First signed to Stiff Records in the U.K., The Plasmatics recorded five studio albums (New Hope for the Wretched, Beyond the Valley of 1984, Coup d’Etat, Electric Lady Land Sessions, and Maggots: The Record) and three EP’s (Meet the Plasmatics, Butcher Baby, Metal Priestess). While not massive sellers, these releases, particularly New Hope, were hugely influential, and The Plasmatics gained mainstream attention from unexpected sources: ABC’s late night comedy show Fridays, Tom Snyder’s talk show Tomorrow, an opening spot on a 1982 KISS tour, and SCTV, for which The Plasmatics made a charming cameo in the “Fishin’ Musicians” sketch.
The Plasmatics on Fridays:
Wendy recorded three “solo” albums (W.O.W., Kommander of Kaos, and Deffest! And Baddest!), using Plasmatics members but not naming the albums so for legal reasons, and three collaborative EP’s with Lemmy Kilmister from Motörhead (Iron Fist, Stand By Your Man, What’s Words Worth?).
“She was great, I used to fuck her. Although sometimes you ought to say she fucked me. She was a workout freak, muscles like steel rope.”—Lemmy Kilmister, Lemmy: The Movie
“No Class” with Motörhead:
W.O.W. was produced and co-written by Gene Simmons, with some of the songs appearing on later KISS albums. This hard rock offering earned her a Grammy nomination in 1985 for Best Female Rock Vocalist. Kommander of Kaos, her second solo album, was co-produced by Swenson and Wes Beech.
Wendy ventured into acting as early as 1979, when she appeared in porn (Candy Goes to Hollywood), later followed by indie film (the execrable Reform School Girls which at least contained her songs), musical theater (Rocky Horror), and mainstream television (MacGyver, The New Adventures of Beans Baxter) with moderate success.
Then suddenly in 1988, when heavy metal hair bands were dominating popular music, Wendy was bizarrely convinced by Rod Swenson to change her career path to rap (technically “thrash-rap”). This was only a few years after Dee Dee Ramone’s own similarly bad decision. In 1988 Wendy released Deffest! And Baddest! as Ultrafly and The Home Girls. Unfortunately that was her last recorded work. Her final live performance was on New Year’s Eve, 1988, with Richie Stotts’ post-Plasmatics band, playing “Mastermind.”
Wendy abruptly left both music and acting in 1991, when she and Rod Swenson moved to rural Connecticut. Wendy’s explanation was that she was tired of dealing with people. In Storr, Connecticut Wendy worked as an animal rescuer, natural foods activist, and kept a day job at a health food co-op.
But she was not happy and fulfilled in her retirement and seclusion. She struggled with untreated depression for seven years, and made at least two unsuccessful suicide attempts. She finally succeeded in a methodically planned suicide in 1998, spending her last moments alone in the woods, feeding squirrels before turning a gun on herself.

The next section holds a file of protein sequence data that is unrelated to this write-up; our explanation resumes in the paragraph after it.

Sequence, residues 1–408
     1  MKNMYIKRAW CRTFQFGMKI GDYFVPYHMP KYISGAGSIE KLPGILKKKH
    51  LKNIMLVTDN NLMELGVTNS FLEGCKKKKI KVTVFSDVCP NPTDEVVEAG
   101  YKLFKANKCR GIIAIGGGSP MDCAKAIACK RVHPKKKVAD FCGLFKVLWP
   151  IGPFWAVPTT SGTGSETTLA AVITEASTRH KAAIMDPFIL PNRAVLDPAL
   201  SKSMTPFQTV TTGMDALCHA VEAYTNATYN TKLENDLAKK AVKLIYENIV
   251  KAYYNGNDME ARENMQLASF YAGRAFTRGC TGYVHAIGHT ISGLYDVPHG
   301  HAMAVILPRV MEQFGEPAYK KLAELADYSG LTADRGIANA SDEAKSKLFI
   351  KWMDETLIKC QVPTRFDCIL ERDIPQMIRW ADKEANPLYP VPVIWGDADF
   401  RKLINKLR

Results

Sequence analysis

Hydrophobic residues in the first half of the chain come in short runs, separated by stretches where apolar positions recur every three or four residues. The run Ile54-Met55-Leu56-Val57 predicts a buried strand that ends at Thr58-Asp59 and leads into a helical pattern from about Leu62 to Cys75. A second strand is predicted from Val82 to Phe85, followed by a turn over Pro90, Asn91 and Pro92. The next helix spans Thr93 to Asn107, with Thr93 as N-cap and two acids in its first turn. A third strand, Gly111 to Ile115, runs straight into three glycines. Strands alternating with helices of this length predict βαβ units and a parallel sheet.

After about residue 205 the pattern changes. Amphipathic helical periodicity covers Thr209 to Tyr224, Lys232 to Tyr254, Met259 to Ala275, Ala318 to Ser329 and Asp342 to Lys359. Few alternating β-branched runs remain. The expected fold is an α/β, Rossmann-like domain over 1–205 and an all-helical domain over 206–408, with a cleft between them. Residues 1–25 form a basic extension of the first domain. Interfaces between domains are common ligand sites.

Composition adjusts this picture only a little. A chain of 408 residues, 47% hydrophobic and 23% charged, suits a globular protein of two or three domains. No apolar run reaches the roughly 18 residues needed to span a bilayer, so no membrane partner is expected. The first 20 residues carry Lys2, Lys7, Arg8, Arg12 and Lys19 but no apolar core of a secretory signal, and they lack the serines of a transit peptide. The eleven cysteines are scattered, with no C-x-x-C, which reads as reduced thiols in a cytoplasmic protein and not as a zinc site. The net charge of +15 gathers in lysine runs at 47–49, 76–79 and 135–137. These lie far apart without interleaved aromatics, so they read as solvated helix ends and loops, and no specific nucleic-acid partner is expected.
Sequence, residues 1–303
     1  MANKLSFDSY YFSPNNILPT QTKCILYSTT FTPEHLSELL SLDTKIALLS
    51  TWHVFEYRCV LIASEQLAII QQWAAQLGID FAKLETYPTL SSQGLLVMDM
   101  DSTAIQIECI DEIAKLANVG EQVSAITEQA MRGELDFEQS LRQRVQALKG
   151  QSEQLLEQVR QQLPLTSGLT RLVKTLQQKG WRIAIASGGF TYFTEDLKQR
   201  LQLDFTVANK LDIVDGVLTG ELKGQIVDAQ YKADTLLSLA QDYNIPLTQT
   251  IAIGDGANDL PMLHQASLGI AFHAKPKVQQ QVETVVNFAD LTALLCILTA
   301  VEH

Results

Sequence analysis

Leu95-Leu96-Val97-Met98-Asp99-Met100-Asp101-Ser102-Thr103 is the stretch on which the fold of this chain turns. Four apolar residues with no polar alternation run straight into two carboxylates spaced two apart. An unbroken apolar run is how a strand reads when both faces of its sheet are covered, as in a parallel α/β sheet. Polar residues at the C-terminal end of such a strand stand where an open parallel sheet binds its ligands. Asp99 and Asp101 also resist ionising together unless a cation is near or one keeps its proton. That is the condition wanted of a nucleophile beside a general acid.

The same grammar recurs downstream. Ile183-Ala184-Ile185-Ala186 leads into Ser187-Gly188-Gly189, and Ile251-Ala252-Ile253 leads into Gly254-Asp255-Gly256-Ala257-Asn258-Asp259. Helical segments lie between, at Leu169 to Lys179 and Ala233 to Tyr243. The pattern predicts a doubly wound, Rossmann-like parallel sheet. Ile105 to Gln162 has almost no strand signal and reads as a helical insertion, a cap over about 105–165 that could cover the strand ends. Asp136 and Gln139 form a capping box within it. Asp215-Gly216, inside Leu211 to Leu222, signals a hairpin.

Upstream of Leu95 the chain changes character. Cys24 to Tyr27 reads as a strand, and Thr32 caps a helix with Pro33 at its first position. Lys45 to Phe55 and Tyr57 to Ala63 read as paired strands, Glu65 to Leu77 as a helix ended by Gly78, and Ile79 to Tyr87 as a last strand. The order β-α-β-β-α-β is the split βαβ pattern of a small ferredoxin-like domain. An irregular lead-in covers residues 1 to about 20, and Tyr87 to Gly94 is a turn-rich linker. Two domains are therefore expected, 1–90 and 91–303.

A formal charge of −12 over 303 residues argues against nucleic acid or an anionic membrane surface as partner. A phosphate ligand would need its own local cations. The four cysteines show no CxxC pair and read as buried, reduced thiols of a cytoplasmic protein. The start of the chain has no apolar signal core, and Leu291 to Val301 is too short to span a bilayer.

“For me, much of the world makes no sense, but my feelings about what I am doing ring loud and clear to an inner ear and a place where there is no self, only calm.” – Wendy O. Williams, suicide note
The loss of Wendy O. Williams’ voice and strong personality is still felt, 14 years later. Little has been released of her original, unedited concert footage, and there has been no proper retrospective of her career and enigmatic personal life. She deserves better.
I am 99% sure that I was in attendance at this Big Black show at CBGB’s on July 13, 1986.
I saw them play around this time at CB’s and this must be that very same gig. I recall it being hot as fuck that night and that the set was a scorcher, too.
1. Clear Out!
2. Fists of Love
3. Big Money
4. Passing Complexion
6. Pigeon Kill
7. The Ugly American
8. Kerosene (stopped)
9. Kerosene (with Mission of Burma/Volcano Suns’ Peter Prescott on drums)
10 Rema-Rema (with Peter Prescott)
There have been versions of this video on YouTube before, but this one, uploaded by Greg Fasolino, the guy who shot it is the best quality, by far. You can practically smell the stale beer and the BO.
The low-fi black & white video quality of this 1980 Clash concert doesn’t detract from the enjoyment and in fact may even enhance it (the soundboard audio is top notch).
Complete Clash shows are rare enough, but this also happens to be an especially great (and super energetic) Clash gig with one of the best set lists of any of their tours. Plus Blockhead Mick Gallagher on keyboards. PLUS dub legend Mikey Dread (how much footage exists of The Clash together with Michael Campbell?) and two encores. What more could you ask for?Listen LOUD.
Shot (with at least three cameras) at the legendary Capitol Theater in Passaic, NJ on March 8th, 1980.
Clash City Rockers
Brand New Cadillac
Safe European Home
Guns of Brixton
Train in Vain
White Man in Hammersmith Palais
I Fought The Law
Police and Thieves
Julie’s Been Working on the Drug Squad
Complete Control ————————————-
Armagideon Time (ft. Mikey Dread)
English Civil War
Bankrobber (ft. Mikey Dread)
A year on from the release of The Sex Pistols first single “Anarchy in the U.K.” and their infamous appearance on the Today show, Steve Jones and Paul Cook gave their first interview to Australian television.